Irene Gammel and I corresponded on and off during the time she was writing her fine biography of the Baroness Elsa von Freytag Loringhoven. It's the only fully/carefully researched book about the Baroness that's been published. Here is the blurb I wrote for it:
The Baroness cut the most compelling modernist figure. She literally wore New York dada, thus inventing it as a pattern of aesthetic costume to be worn so tight that it was her skin, her self. She was, as Irene Gammel puts it in this remarkable biographical study, an "assemblage of paradoxes embodied in one body." That the Baroness knew and inspired or inspiringly repelled nearly everyone associated with the rise of modernist practice in New York has been already part of the story, but it has never been so richly detailed. In Gammel's presentation the Baroness emerges as far more than an ingenue. She became a mature, self-conscious dynamic artistic force--and remarkably productive in her own right, not despite but because she exhausted herself up from the inside out.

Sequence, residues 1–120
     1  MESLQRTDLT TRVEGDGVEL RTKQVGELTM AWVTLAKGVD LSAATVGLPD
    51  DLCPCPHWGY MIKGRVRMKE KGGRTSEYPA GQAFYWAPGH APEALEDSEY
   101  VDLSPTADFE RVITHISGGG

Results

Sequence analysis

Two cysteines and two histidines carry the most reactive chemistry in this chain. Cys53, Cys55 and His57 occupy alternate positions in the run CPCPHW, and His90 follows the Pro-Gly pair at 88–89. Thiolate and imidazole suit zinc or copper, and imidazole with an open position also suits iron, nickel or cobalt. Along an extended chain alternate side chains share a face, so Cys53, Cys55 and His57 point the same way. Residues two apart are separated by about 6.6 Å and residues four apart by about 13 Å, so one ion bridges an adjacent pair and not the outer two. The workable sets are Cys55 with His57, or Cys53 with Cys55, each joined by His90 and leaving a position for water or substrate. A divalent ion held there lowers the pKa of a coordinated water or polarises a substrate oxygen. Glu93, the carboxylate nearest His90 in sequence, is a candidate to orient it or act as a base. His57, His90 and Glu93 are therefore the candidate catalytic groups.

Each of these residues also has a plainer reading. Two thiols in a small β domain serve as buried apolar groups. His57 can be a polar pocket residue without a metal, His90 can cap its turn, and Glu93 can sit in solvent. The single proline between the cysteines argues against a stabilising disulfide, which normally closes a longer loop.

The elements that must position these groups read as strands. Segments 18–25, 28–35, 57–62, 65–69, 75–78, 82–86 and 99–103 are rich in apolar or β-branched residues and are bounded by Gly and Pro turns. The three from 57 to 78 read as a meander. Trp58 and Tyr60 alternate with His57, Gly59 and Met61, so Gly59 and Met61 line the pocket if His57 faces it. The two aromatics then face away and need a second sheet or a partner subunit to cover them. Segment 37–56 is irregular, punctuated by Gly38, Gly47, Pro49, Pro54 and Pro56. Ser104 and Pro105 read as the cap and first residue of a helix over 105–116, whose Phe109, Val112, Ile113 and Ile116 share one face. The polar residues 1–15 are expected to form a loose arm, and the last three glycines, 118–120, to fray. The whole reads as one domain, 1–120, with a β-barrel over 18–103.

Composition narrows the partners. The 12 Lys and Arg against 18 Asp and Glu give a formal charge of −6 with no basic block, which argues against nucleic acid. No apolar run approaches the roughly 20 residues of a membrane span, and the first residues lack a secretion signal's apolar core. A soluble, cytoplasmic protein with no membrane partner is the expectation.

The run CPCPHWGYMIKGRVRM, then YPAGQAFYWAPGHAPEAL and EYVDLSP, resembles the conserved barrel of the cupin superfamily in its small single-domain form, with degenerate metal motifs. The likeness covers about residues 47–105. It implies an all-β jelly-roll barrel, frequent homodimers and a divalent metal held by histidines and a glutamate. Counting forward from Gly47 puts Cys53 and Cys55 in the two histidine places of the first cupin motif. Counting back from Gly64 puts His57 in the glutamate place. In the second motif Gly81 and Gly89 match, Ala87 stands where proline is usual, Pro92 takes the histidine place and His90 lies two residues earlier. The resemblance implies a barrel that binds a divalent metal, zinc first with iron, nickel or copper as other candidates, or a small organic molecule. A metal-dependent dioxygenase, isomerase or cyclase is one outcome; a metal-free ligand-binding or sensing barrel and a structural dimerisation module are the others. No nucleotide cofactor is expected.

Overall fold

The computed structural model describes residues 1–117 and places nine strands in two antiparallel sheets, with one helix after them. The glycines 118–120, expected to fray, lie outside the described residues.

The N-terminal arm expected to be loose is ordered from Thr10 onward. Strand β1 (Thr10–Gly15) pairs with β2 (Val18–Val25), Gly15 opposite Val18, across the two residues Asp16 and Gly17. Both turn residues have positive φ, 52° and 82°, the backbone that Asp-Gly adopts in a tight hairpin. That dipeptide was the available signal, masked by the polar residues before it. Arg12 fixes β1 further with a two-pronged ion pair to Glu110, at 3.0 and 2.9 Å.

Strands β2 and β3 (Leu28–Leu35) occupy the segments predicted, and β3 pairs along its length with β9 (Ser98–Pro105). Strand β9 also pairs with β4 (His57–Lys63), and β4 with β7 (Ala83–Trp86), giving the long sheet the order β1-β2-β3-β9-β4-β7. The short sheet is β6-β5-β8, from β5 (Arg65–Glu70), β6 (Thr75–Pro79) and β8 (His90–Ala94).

My students and I study the Baroness briefly during "chapter 2" of my course on modern and contemporary American poetry. Scroll down to the last lesson on this page and see various links to Baroness materials.